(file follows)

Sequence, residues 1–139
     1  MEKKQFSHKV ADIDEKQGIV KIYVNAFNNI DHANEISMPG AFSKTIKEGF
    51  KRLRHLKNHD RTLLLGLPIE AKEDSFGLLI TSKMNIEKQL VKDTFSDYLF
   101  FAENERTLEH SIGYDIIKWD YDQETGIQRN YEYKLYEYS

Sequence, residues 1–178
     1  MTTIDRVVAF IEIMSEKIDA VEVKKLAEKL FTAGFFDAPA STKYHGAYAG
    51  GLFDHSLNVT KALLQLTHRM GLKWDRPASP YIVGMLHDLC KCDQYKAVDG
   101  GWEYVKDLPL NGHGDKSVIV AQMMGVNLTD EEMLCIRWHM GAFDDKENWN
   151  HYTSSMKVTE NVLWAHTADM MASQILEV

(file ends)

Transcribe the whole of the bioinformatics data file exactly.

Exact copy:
Sequence, residues 1–139
     1  MEKKQFSHKV ADIDEKQGIV KIYVNAFNNI DHANEISMPG AFSKTIKEGF
    51  KRLRHLKNHD RTLLLGLPIE AKEDSFGLLI TSKMNIEKQL VKDTFSDYLF
   101  FAENERTLEH SIGYDIIKWD YDQETGIQRN YEYKLYEYS

Sequence, residues 1–178
     1  MTTIDRVVAF IEIMSEKIDA VEVKKLAEKL FTAGFFDAPA STKYHGAYAG
    51  GLFDHSLNVT KALLQLTHRM GLKWDRPASP YIVGMLHDLC KCDQYKAVDG
   101  GWEYVKDLPL NGHGDKSVIV AQMMGVNLTD EEMLCIRWHM GAFDDKENWN
   151  HYTSSMKVTE NVLWAHTADM MASQILEV